So from my travels in Boston, many places seemed to be a Centrex town, except for the large for profits, the Massachusetts state government, etc.

So the Museum of Science appears to have been the early adopters of Cisco IPT, because many of their sets seemed to be the first or second generation. I am going to assume that this set is a Cisco 7912 (because it came before the 7911) because many of the multilines are 79x0s…My gawd, are those sets antiques!


As you can tell in this picture, the phone is about 6 and a half to 7 feet above the floor so no kid prank calls 911 or something stupid like that. If you’re a petite 5’1 woman, well good luck to you, hopefully your WiFi Cisco phone will save you to make a call!

I haven’t been to the MFA, I’ve been to the Children’s (and Computer) Museum and the New England Aquarium, I can confirm the latter had adopted Cisco from a Centrex (or a system that just hosted only 2500 sets) a while back too.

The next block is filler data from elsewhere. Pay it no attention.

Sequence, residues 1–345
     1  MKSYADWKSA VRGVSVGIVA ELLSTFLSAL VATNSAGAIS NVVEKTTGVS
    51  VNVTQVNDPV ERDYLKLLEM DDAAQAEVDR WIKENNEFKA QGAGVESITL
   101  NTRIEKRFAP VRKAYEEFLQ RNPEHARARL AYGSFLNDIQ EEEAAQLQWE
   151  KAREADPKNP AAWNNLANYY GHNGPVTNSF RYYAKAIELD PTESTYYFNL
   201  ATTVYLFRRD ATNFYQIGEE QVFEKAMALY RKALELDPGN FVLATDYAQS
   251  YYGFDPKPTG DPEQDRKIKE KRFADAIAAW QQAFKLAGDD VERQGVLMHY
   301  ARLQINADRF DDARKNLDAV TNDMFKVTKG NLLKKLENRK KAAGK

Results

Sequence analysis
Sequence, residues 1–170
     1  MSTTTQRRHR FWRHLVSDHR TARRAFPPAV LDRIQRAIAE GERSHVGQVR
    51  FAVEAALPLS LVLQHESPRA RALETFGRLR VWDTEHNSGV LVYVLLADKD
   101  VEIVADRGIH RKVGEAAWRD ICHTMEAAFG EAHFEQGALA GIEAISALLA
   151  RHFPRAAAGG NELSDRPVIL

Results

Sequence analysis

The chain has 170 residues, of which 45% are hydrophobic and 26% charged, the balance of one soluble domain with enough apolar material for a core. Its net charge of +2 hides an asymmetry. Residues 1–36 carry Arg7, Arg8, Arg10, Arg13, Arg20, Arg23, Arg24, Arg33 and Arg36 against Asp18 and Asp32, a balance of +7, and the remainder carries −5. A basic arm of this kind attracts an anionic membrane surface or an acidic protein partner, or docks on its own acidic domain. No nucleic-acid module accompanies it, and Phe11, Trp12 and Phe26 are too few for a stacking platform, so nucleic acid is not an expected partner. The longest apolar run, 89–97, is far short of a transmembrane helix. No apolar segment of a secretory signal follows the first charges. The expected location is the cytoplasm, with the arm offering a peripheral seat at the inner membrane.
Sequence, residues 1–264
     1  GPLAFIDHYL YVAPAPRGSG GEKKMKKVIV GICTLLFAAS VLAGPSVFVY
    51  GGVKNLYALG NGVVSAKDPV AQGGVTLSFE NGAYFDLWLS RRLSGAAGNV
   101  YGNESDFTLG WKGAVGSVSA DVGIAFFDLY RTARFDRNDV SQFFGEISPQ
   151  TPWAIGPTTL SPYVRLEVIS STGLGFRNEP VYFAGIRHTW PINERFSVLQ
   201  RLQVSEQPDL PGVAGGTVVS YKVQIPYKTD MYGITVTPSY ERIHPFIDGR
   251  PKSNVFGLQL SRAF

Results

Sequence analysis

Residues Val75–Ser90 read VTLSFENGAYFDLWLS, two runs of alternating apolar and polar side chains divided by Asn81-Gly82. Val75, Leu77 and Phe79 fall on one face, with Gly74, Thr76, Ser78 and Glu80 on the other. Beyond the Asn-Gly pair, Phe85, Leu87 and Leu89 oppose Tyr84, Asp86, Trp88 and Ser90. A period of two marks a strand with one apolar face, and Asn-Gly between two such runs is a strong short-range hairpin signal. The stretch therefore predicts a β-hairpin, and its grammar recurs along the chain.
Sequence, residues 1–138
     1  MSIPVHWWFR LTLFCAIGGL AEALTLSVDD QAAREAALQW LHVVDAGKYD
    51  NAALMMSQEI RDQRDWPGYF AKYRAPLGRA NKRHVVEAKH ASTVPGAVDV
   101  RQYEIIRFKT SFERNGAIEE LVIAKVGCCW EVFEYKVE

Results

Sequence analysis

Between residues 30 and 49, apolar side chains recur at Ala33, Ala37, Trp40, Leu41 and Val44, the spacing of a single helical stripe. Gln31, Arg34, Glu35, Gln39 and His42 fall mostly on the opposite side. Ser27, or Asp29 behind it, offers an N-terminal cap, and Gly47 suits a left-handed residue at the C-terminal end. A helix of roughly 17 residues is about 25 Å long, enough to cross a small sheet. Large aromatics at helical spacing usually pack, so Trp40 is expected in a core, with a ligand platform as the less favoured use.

Cisco is pretty much a prettified Centrex or Analog Telephony service. And if you understood the Pixar exhibit of the needing to understand coding, well you will need to know IOS inside out; and of course telephony skills aren’t required because you know moving forward with “new solutions” often equates to falling backwards to the 1800s all over again, just it transmits on IP instead of copper electricity!

Phones @ Work – NBC Operations in New York

The Embedded photos were taken directly from the Flickr servers with no intention to violate any copyright. I do not own the rights of the content embedded. 

There is a large account of images taken at the NBC New York complex by a guy named Dennis Degan, a staffer for the network. He has a Flickr account where you can see tons of pictures from his day job, mixed in with some vintage NBC, and other stations he was affiliated with in his career.